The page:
Sehwag’s personality is a contradiction of his batting. Flamboyance is restricted to his performance at the crease where he can smash the ball with frightening ferocity. Off the field, he is a humble person.

He is modest enough to admit that he was not mentally strong enough to tackle failures. “I was not consistent with the bat, and making a comeback was a worry. Domestic cricket was not challenging, though it was a challenge to be consistent.”

A batsman who could take one’s breath away with his amazing range of strokes had now begun to doubt his abilities. As always, his coach, A. N. Sharma, stepped in and reminded his ward of his strong points. Thereafter, Sehwag took over and, as is his wont, let the bat do the talking for him.

There was a silent, yet very significant, support for Sehwag from India skipper Anil Kumble, who insisted on the inclusion of the Delhi opener for the tour of Australia. What convinced Kumble to back a batsman who was low on confidence and woefully out of form?

“Honestly, I took a chance because I needed an option and Viru happened to be the best. His record in Australia was awesome but it is the way he bats that really clinched a place for him. The manner in which he annihilates the opposition is breathtaking. In any case, you could not have judged Viru by what he was doing at the domestic level. I somehow knew he would bat his way into the XI and I am so happy that he did. He has shown a lot of maturity in his batting,” said the genial Kumble.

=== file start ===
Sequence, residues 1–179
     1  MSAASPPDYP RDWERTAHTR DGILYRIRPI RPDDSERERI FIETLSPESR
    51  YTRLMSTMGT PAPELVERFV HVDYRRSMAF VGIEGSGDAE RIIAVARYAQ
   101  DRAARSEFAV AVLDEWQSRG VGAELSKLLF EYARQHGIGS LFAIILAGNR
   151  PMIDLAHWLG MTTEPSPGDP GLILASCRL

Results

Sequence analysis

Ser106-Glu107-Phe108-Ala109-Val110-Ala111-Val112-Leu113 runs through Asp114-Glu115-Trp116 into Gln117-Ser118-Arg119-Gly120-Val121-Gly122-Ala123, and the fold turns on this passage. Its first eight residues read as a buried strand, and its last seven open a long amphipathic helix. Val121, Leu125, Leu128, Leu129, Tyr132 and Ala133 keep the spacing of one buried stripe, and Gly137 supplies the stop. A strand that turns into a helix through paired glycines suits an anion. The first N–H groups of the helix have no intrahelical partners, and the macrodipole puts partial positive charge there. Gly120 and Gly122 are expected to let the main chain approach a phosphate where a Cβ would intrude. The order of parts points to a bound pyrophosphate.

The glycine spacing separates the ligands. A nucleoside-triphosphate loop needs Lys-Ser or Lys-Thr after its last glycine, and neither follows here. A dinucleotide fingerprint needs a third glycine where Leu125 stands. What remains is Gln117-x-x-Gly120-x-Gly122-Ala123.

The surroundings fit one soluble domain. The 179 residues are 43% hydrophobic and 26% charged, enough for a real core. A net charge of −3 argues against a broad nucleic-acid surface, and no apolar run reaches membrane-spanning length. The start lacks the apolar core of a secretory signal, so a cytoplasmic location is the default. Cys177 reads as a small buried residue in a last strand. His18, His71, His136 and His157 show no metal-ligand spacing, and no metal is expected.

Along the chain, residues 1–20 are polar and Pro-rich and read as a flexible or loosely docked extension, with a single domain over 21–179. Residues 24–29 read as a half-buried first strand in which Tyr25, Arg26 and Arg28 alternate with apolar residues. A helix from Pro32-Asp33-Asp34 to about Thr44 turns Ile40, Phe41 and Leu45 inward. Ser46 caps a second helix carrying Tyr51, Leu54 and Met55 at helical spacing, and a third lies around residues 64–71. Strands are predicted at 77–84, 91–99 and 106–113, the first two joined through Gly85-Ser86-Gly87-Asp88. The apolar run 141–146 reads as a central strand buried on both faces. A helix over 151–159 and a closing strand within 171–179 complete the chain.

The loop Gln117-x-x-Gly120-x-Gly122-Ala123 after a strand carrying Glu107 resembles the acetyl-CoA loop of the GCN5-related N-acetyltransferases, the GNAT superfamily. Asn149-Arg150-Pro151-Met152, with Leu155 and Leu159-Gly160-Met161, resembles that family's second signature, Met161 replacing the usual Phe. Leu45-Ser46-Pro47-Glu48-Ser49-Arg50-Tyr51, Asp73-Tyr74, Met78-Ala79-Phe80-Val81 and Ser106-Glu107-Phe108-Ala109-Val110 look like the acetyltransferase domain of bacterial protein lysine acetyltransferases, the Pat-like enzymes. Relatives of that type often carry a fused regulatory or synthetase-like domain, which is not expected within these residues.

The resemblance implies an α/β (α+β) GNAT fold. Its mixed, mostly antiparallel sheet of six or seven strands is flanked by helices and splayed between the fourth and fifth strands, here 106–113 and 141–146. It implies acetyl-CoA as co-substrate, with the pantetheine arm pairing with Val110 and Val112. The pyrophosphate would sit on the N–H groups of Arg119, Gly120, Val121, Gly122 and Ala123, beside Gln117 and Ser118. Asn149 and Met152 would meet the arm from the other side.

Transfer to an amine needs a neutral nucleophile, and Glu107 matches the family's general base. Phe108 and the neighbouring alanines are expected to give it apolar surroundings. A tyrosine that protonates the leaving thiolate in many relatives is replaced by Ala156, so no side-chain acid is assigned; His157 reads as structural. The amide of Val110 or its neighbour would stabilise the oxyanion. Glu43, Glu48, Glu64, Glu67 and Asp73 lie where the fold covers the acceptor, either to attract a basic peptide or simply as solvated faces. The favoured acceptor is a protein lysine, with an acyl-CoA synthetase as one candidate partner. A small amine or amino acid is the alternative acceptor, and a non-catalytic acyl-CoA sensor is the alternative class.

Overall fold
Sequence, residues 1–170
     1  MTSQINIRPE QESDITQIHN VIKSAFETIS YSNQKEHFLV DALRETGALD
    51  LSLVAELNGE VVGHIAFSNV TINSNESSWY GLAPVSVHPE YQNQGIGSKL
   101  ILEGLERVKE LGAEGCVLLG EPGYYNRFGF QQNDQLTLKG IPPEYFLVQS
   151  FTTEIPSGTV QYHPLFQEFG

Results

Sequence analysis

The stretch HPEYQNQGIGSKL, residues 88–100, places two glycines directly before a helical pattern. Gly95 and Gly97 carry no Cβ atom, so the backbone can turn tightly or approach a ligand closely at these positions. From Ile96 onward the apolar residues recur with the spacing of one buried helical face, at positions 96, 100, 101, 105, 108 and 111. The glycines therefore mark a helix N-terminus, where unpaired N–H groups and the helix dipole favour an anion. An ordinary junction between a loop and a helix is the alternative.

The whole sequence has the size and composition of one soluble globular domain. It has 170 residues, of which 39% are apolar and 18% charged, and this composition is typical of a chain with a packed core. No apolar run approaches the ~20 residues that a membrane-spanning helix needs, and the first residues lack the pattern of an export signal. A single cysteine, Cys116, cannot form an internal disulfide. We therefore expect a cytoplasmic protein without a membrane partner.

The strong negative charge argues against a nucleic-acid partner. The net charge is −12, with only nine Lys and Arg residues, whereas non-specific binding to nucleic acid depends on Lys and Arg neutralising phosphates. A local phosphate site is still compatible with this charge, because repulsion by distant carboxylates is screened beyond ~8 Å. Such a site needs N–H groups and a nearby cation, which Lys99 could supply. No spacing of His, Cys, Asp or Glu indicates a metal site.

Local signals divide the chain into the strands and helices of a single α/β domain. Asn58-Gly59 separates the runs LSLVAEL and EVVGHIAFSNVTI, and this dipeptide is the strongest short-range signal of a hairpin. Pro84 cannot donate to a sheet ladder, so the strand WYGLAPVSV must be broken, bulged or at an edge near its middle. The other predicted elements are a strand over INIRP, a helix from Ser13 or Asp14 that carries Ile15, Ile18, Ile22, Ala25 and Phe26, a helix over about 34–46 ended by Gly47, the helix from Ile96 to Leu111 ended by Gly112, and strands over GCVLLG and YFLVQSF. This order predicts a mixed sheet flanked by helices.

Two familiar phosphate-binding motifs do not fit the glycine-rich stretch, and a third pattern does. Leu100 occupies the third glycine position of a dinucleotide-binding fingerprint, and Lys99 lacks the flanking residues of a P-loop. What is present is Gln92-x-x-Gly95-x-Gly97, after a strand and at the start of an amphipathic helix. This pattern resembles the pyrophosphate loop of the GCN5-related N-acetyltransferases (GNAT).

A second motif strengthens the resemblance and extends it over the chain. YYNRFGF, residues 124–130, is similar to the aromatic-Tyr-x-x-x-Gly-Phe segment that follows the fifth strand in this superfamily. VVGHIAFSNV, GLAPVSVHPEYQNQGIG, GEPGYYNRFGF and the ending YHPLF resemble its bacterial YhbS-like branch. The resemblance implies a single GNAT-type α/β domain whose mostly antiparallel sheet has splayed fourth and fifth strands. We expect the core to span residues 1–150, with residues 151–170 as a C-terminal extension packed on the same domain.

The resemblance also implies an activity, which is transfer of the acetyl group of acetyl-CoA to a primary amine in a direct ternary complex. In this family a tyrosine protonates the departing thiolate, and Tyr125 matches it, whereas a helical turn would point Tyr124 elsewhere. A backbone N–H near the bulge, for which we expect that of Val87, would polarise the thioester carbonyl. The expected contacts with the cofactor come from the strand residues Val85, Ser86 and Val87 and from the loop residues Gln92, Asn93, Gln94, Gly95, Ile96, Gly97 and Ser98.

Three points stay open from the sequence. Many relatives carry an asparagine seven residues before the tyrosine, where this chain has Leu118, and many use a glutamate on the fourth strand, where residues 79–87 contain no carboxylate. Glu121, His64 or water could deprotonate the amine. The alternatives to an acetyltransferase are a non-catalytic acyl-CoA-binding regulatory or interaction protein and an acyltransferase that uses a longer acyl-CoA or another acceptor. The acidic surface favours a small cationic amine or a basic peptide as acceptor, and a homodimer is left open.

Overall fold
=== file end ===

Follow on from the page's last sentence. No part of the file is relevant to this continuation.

Sehwag, 30, distinguished himself with two successive innings that spoke for the man’s abilities: a match-saving performance in the final Test against Australia in Adelaide and a hugely entertaining innings against South Africa in the Chennai Test. “He seems a lot more focused now,” observed Kumble.

Reflecting on the two knocks, Sehwag said, “To tell you the truth, I just went out and did what came naturally to me. In Adelaide, I knew I had to stay at the crease. In Chennai, the pitch allowed me the freedom to play my shots and I got my confidence back at the right time.”